American Leadership Forum, Beneficial for Indo American Leaders

From left: Ashok Garg, Prabha Garg, Whitney Crane, Jim Crane and Jagdip Ahluwalia at the Joseph Jaworski Leadership Award Dinner

From left: Ashok Garg, Prabha Garg, Whitney Crane, Jim Crane and Jagdip Ahluwalia at the Joseph Jaworski Leadership Award Dinner

By Manu Shah

HOUSTON: When IACCGH Past President Ashok Garg completed the American Leadership Forum (ALF) program recently, the first thought that crossed his mind was how beneficial this program would be for Indo American leaders. Summarizing his “unique and enriching” experience, he says he learned many things about himself, gained a clearer sense of who he is and how he fits in the larger picture of Houston and the surrounding community. He also believes that “we all have something to offer” and ALF helped him find and define what that was.

Sanjay Ramabhadran, an alumni of the Program and IACCGH Past President also concurs. Indo American community leaders, he says, would benefit tremendously from connecting with the diverse leadership from across the Houston region. Two traits, according to him, are important in a leader: the ability to listen with “the explicit intent to understand rather than the itch to respond” and the consciousness of being a servant leader to serve others around you. His experience at ALF also gave him an insight into different leadership styles. ALF, he adds, does a great job of deliberately engineering the class makeup so that the diverse leadership of Houston “gets to interact, work and learn from each other.”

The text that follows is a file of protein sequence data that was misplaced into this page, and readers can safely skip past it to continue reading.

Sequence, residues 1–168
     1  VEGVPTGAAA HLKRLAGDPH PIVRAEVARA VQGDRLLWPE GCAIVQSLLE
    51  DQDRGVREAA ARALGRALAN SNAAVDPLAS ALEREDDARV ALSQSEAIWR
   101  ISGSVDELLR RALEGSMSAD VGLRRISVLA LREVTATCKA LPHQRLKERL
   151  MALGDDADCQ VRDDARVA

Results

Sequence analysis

The takeaways from ALF are different for each member, emphasizes ALF Houston/Gulf Coast Chapter President Dan Snare.  For some, the lessons are deeply personal with opportunities for introspection while others define the legacy they’d like to leave.  Some glean invaluable lessons on listening, asking powerful questions, engaging with others around difficult conversations and across differences.   ALF Vice President of Development Manisha Gandhi says her ALF experience “came at a career cross roads” and the experience helped bring clarity on what she wanted to contribute to the local community, made her a better listener and enhanced her leadership skills.

ALF was started in 1980 by Joseph Jaworski, a lawyer who left a successful law practice to address a crisis of leadership in the country. The organization, which started in Houston, soon spread across the country and presently has 8 active Chapters. The Houston Gulf Coast Chapter boasts of alumni such as Former Mayor Annise Parker, Mayor Sylvester Turner, and heads of diverse organizations.

According to an independent study, after participating in ALF, Senior Fellows say they have greater confidence in their capacity as leaders, have a better understanding of the needs of the community, and how to gather resources to meet those needs.

Its twenty day program includes a six-day wilderness experience in the mountains. Monthly sessions are held on topics such as dialogue, group emotional intelligence, appreciative inquiry, consensus building, core values and moral courage.

Alumni and IACCGH Executive Director Jagdip Ahluwalia and Dan Snare’s advice for those interested in joining the Program is to check out the website at and look through the membership directory to see who they know among Senior Fellows. They suggest meeting with the Senior Fellow(s) and express an interest in submitting their nomination.